03/06/2013 | Comments: 0 | Add Comment | Read More

Student Micro-gardening Successes in The Gambia

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The GAMHORT Micro-gardening program focuses on nutrition and income generation for the poor in urban and peri-urban areas and communities in The Gambia. Program participants are schoolchildren, disabled persons, people living with HIV/AIDS, and underemployed youth and women. They grow a variety of vegetables on table tops, using a new soilless production technology called micro-gardening. They improve their health by consuming these vegetables, and sell excess produce to tourist hotels for income.

03/06/2013 | Comments: 0 | Add Comment | Read More

Our 2012 in Review: A report from the Byron Center, MI Growing Project

With a damaging early spring frost and the summer drought, 2012 was, for FRB, a year of uncertainty. There was concern that the level of support for global partners might be less than in the past because of possible shortfalls from hard-hit growing project communities in the U.S.  However, the Scriptures reminded us in Galatians 6: 9, "Let us not become weary in doing good, for at the proper time we will reap a harvest if we do not give up."

03/06/2013 | Comments: 0 | Add Comment | Read More

In Congo, Even the Poor Can Earn Income

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Mama Ilunga shares how even the poor can earn income and have a healthy life thanks to the Democratic Republic of Congo-Katanga Kamina program.

FRB’s food security program in the Democratic Republic of Congo (DRC) works within the communities of Kamina to reduce high levels of malnourishment, poverty and disease, especially among women and children. This holistic program focuses on training in agriculture best practices for the local environment; sanitation, hygiene and sources of clean water to reduce waterborne illness; and income generation from agriculture. Fast-growing Moringa trees, whose leaves, flowers, seeds and roots are all edible, are a new source of nutrition for the community. Farmer groups prepare fields and plant peanuts, soybeans, field beans and corn together, and sell their excess produce for income. One of the participants, Maman Ilunga, shares her experience and insights:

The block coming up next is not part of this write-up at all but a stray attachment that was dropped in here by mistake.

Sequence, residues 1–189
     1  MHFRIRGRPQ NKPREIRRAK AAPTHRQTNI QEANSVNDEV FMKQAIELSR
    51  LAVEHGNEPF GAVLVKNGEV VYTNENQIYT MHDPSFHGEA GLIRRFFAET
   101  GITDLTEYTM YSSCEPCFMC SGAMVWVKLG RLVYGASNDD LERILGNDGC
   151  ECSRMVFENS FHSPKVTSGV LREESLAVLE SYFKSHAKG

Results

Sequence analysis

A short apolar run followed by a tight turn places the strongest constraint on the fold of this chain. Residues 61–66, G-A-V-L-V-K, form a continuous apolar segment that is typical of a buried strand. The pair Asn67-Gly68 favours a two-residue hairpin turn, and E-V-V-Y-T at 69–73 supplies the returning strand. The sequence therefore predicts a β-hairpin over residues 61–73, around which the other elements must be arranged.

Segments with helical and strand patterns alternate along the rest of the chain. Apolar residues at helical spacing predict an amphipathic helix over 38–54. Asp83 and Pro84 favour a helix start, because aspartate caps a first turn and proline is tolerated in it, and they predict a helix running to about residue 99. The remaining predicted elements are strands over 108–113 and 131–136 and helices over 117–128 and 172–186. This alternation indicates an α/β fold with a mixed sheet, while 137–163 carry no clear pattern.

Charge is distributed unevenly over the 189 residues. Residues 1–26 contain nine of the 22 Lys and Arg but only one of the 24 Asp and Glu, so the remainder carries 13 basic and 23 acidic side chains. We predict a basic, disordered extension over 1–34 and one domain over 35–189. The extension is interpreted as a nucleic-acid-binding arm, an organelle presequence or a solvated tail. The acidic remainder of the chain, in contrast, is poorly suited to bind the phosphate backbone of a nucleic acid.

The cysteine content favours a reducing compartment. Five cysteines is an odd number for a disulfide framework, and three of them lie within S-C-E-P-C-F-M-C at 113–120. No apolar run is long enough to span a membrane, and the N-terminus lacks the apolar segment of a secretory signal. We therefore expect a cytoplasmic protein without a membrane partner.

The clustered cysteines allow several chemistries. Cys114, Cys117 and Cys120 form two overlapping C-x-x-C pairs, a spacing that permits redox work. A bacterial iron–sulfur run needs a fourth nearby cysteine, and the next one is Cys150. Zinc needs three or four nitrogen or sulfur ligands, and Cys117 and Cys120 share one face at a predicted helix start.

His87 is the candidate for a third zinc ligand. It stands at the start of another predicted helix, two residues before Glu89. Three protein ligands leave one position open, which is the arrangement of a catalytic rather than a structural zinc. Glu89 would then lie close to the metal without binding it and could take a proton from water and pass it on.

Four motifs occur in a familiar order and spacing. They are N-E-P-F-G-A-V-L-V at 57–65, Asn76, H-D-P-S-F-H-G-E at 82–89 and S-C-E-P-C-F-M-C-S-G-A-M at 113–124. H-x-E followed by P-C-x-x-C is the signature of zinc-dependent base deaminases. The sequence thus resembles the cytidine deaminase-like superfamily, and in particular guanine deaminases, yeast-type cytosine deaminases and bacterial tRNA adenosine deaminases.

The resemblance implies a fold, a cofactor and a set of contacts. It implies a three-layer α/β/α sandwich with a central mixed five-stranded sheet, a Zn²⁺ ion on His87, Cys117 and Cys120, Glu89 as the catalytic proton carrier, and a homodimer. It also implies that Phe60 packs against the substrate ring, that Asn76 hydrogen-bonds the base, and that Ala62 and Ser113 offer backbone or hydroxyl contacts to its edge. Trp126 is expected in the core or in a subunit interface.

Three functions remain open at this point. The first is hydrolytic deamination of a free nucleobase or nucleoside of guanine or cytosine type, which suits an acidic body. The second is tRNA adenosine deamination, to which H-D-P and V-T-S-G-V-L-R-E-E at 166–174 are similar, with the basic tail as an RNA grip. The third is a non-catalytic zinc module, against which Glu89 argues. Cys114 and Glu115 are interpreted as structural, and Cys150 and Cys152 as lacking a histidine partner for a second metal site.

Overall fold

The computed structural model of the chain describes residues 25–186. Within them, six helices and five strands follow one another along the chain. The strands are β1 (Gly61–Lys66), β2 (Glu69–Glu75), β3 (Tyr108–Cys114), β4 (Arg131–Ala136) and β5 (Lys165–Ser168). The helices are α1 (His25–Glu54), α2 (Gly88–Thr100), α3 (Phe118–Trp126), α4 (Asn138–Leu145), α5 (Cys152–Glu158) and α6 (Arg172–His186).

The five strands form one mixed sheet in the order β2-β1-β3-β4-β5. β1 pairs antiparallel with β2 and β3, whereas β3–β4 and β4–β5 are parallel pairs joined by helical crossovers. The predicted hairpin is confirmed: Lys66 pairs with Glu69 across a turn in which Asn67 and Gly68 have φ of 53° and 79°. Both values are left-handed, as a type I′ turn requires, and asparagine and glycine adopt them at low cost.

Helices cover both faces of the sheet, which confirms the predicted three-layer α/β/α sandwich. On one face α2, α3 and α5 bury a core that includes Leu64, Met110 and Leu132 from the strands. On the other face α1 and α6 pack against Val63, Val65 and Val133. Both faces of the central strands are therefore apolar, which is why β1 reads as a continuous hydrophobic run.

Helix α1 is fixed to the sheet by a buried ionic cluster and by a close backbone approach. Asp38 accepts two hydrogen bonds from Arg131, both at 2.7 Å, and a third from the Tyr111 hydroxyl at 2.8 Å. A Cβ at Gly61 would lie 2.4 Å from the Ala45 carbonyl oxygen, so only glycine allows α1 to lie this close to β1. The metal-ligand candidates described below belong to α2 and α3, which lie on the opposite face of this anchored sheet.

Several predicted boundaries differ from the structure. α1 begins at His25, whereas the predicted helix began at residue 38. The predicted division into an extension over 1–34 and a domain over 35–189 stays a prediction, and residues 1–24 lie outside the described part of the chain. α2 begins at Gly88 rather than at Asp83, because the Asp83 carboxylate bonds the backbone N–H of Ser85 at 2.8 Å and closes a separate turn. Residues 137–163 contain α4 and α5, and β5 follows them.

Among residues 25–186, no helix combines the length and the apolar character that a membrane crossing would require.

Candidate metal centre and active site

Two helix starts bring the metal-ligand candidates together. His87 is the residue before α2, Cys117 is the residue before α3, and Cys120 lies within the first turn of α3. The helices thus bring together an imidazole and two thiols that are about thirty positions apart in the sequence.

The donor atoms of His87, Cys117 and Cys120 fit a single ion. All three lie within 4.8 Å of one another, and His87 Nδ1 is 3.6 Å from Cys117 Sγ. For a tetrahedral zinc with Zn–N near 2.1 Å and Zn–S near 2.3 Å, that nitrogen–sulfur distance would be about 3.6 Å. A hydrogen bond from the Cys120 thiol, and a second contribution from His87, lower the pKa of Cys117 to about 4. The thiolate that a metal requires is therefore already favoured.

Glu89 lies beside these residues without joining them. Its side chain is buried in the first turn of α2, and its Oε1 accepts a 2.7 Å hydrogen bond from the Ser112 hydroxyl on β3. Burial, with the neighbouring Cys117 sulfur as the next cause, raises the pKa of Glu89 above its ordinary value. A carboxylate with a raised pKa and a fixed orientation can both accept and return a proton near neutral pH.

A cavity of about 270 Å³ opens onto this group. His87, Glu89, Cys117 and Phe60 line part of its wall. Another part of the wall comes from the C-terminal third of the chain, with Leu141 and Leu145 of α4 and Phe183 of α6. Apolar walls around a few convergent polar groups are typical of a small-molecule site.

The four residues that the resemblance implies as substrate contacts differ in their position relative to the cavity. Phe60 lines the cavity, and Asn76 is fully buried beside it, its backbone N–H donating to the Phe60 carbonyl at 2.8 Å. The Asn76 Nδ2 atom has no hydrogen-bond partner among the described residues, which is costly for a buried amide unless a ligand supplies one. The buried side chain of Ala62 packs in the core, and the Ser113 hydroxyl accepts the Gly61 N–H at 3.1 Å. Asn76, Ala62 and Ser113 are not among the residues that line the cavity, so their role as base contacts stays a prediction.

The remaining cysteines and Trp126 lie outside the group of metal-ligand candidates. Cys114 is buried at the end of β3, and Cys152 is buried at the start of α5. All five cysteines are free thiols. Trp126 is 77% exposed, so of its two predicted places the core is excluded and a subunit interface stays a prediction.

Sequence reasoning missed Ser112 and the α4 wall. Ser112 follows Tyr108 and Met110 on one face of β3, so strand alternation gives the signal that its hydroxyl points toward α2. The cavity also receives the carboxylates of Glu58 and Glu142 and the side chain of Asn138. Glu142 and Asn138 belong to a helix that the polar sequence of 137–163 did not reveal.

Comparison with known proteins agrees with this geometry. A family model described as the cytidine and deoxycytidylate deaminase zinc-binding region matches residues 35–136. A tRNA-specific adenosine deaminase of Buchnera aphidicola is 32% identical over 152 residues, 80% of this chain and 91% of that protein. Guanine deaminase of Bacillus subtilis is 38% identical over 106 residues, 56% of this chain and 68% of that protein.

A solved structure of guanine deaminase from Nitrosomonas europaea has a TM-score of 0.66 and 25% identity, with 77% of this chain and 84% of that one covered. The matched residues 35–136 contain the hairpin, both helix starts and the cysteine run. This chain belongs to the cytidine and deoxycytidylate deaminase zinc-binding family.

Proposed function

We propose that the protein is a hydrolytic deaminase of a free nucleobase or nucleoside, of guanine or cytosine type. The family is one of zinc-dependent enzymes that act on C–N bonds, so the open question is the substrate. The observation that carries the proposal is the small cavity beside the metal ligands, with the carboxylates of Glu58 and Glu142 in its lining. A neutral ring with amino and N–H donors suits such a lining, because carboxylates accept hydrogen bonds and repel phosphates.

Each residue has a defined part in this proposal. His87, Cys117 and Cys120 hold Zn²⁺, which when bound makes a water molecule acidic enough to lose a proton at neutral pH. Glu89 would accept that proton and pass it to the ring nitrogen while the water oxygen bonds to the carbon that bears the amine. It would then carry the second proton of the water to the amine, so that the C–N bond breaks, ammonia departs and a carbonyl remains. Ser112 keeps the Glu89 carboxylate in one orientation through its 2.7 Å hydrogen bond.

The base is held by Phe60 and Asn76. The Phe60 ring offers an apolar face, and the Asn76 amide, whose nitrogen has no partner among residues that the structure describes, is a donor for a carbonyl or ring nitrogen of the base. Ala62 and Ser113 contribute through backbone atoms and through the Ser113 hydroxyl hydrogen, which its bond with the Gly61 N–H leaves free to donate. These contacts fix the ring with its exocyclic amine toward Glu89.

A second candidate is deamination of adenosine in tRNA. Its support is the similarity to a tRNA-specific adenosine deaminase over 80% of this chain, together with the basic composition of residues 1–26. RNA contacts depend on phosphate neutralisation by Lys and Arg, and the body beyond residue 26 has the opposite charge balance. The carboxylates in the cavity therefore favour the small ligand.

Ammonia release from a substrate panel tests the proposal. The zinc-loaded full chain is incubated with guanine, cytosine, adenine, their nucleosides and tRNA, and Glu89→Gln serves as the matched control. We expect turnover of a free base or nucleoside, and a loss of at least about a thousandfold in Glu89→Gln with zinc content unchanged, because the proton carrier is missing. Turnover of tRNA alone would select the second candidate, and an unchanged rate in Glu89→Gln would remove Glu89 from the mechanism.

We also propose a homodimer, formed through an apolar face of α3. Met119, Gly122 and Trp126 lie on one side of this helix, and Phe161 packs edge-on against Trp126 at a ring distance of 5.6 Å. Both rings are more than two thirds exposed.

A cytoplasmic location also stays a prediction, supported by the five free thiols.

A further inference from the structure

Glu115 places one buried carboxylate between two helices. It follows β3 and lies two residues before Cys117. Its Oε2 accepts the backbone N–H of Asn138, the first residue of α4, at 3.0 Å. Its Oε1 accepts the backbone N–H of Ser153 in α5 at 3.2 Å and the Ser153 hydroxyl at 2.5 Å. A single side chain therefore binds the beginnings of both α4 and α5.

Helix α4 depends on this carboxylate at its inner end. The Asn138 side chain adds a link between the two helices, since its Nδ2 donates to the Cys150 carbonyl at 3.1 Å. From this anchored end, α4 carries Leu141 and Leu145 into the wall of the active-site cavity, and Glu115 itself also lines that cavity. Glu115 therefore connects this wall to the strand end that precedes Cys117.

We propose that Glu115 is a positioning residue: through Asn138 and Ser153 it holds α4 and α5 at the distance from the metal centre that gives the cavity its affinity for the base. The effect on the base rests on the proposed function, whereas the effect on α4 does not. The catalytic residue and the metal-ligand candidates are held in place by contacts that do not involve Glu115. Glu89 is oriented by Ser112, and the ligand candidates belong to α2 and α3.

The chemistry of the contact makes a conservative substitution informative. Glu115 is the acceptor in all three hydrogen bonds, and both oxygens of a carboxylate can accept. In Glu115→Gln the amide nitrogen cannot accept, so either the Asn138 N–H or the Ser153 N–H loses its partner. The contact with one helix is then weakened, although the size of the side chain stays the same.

03/05/2013 | Comments: 0 | Add Comment | Read More

In Bolivia, Sprinkler Irrigation Produces Healthy Vegetables and Families

Don Tomás, a 52-year-old father of seven who participates in FRB’s Bolivia-Potosí program, says: “Before this program began, one of our biggest problems was water scarcity. Sometimes we were able to plant only a portion of our land, and only when the spring rains came. Now, with the installation of the sprinkler irrigation systems using water from our pond, we can save water, it gets to more families, and we are able to water more frequently with less work. So, this year, eight families were able to plant a hectare (2.47 acres) more than we did last year. There was a drought, but our crops are doing better than those of other families who don´t have this kind of irrigation."

03/04/2013 | Comments: 0 | Add Comment | Read More

A Gift of Cassava Keeps on Giving in the Central African Republic

A gift of disease-resistant cassava (manioc) from a program-to-program visit is bringing greater food security to participants and neighbors in FRB’s CAR-Gamboula program.

When the program’s director, Benoît, traveled with FRB to Uganda in 2010 to exchange knowledge and practices with program participants from around East Africa, his Zambian roommate offered him a 2-foot section of a cassava cutting from a plant which was said to be resistant to cassava mosaic virus (CMV). Cassava is a staple food in the Central African Republic, so when local varieties were attacked by CMV, widespread hunger followed. Benoît knew that a CMV-resistant variety would be a godsend.

02/28/2013 | Comments: 0 | Add Comment | Read More